Winter's fast approaching and all we really want to do is go hibernate in a cosy country pub. After all, there are few greater creature comforts than that winning formula of a roaring log fire, real ales and hearty, locally-sourced grub in a remote, idyllic setting. We've selected some of our favourite country pubs across the UK that just happen to come with rooms - so if you miss the last train home you can stay the night too. Take a look, below:
There are just six cosy rooms at this Cotswolds pub, which has recently been crowned AA Pub of the Year. There are roaring log fires, wood beams and daily supplies of fresh fish from the Cornish ports.
With its labyrinth of alcoves and enormous selection of real ales, this pub is the ideal winter hideaway - and a favourite with the various celebrities whose pictures adorn the walls. The bedrooms are beautiful, with standalone baths and paintings by local artists.
This West Yorkshire pub is steeped in history - it began life as a corn mill before being sold to a brewery in 1890. The bedrooms are all individually styled with features such as roll-top baths, and the bar area, with its antlers on the walls and candles on the tables, is equally welcoming.
The Victoria Inn is one of Cornwall's oldest inns. Husband and wife team Stewart and Anna Eddy are the perfect hosts: Stewart trained with Raymond Blanc and Anna previously worked front-of-house at Blanc's restaurant, Le Manoir aux Quat'Saisons. Their Labrador, Bailey, can often be found by the log fire and there's an impressive range of Cornish ales on offer. There are two rooms available for visitors staying overnight.
This North Yorkshire Inn can be found in the village of Rosedale Abbey, which was recently named the most romantic place in the world. With its log fire, it's the perfect retreat in colder weather and there's an extensive menu which includes local game, fish and organic meats. It's also deceptively large, with 10 bedrooms.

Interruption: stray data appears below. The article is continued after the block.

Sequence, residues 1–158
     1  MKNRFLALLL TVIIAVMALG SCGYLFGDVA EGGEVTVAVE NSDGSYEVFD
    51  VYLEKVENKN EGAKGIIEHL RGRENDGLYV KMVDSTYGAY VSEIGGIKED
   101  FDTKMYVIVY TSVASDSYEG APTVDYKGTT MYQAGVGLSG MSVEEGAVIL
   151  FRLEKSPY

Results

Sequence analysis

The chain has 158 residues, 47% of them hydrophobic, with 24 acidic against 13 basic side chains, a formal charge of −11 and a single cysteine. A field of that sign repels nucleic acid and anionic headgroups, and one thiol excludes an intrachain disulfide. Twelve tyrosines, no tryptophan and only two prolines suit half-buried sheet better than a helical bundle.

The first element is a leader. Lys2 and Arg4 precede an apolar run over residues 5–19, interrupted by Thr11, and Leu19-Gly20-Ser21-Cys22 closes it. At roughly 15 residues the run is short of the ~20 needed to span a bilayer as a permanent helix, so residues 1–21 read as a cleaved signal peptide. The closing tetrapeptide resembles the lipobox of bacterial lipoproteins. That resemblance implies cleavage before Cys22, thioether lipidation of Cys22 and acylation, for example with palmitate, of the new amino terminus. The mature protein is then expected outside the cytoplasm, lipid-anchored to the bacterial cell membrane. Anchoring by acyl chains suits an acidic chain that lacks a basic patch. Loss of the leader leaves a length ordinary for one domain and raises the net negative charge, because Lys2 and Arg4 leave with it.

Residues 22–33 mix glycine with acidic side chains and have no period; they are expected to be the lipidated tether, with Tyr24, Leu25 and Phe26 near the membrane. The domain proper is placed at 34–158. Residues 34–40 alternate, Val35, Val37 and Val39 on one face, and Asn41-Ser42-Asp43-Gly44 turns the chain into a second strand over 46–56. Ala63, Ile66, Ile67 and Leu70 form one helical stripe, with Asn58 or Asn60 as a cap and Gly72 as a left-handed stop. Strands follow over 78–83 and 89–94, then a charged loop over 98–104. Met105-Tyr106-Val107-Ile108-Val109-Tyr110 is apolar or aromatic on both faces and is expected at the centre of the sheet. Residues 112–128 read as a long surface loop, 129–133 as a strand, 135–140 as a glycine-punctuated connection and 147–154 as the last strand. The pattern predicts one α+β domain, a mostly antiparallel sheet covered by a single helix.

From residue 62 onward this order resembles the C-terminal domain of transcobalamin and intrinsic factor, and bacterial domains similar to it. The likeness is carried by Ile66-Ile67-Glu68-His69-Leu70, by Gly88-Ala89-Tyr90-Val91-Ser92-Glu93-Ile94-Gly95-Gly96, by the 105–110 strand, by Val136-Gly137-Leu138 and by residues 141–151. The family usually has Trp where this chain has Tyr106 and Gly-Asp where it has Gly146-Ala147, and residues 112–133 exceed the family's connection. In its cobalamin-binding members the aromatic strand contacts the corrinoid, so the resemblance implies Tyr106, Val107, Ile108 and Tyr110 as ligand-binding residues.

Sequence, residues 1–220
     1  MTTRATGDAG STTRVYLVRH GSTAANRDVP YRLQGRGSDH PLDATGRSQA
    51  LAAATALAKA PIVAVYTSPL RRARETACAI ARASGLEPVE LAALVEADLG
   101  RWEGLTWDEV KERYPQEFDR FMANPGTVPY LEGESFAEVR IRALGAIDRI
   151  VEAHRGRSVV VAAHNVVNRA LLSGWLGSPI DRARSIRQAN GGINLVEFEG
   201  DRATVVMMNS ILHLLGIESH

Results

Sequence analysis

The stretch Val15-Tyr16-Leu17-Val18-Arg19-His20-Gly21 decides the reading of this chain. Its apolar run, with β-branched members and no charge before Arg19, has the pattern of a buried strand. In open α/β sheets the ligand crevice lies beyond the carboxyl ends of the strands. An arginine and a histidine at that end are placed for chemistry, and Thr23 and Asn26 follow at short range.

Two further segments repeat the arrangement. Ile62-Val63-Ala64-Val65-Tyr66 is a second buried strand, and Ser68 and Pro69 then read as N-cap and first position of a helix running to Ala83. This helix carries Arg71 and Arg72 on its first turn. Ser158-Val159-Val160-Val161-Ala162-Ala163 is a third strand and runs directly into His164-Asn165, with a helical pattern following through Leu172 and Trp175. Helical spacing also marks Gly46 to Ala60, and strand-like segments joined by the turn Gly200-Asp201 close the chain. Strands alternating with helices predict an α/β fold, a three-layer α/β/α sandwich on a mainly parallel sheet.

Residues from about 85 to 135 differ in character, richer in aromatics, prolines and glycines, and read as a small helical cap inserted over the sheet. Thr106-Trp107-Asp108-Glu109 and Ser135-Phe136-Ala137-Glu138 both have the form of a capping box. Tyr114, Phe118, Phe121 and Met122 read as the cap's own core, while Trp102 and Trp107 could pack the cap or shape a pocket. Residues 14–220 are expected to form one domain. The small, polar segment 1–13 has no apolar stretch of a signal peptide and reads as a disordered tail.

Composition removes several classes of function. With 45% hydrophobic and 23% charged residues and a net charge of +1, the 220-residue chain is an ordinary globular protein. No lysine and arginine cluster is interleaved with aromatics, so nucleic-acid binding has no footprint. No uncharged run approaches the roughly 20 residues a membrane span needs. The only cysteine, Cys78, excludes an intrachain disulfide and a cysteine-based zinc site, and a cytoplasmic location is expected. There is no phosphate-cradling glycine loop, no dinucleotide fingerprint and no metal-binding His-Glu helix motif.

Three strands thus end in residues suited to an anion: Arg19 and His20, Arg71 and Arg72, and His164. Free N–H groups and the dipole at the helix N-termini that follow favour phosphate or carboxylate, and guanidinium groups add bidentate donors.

There are six guestrooms available at this pub, which is located on a quiet road in Heswall. The Jug and Bottle has a country pub feel while offering great access to Liverpool, and the guest rooms have stunning views over the Dee Estuary to the hills of North Wales. The hot chocolate served in the bar is also legendary - not to mention its selection of deli meat treats.
The gas lanterns and framed black and white pictures on the wall of the Dolphin Inn give this pub a homely feel, and it's also the perfect place for a whisky on a cold winter's night - there's a huge range on offer alongside an enormous wine cellar and local ales. Those staying overnight in one of the three bedrooms can bring their four-legged friends and added extras such as digital radios make the Dolphin feel like a home away from home.
This quaint country pub - thatched roof and all - has a truly local feel. The pub's opening was apparently announced from the pulpit by the local vicar, the paintings of a local artist line the walls, and most of the food is sourced locally. A popular tipple at this time of year is the Winters Tail ale, but there's also a huge wine list. There are six bedrooms available.
The pubs' two watercolours by late Cumbrian artist Edward Thompson were bartered for beer, and this artwork, combined with the wooden floors, comfy sofas and log fires, makes the Pheasant Inn the perfect winter hideout. The bedrooms are equally appealing, with rocking chairs, armchairs and wrought iron beds.
No, this isn't the one from Emmerdale, but from Alresford, a quaint Hampshire village. It's a country pub in every sense of the word, with a gun cabinet for guests who fancy bagging their own pheasant dinner, seven bedrooms named after game birds and a cosy bar where the lighting is provided by candles squeezed into wine bottles.
On a cold winter's night, there's only one place to be, and that's the Five Alls' fireside Alpine-style snug. Stripped wooden floors and thick Persian rugs help to ward off the winter chill, and the bedrooms, which were all recently refurbished, are all surprisingly large - look out for the luxurious Bramley toiletries in the bathrooms.
Even the name of this pub is appealing. Guests staying overnight in one of the bedrooms will find Frette linen, complimentary slippers and even welcome packs for their dogs. In the bar, the highlight is a surprisingly comprehensive cocktail menu which includes bespoke creations such as the Fuzzy Duck Shimmer and Cotswold Collins, and there are blankets for those who brave the outdoor area.
The beautiful wooden beams within the Norway Inn have more significance than visitors might think - the pub is named after the Norwegian ships which once shipped timber to nearby Perran Wharf. The wooden furniture and mismatched cushions give the place a rustic feel, and the four bedrooms are stylish and comfortable with various nods to the Norway's previous life as a coaching inn.
The seven bedrooms have Roberts radios, White Company toiletries and handmade blankets, and the individual rooms in the bar below are just as inviting, whether it's the Aga room, the Library room or the Tack room. Drinks-wise, expect a wide range of ales and wines alongside some deliciously warming cider brandies from Somerset.
Visit the Holcombe Inn for the log fires, the rare malt whiskies, huge range of ciders and one of the warmest welcomes in Somerset. Bath, Bristol, Shepton Mallet, Radstock and Midsomer Norton are all within easy reach, and the eight recently-refurbished rooms are all incredibly spacious.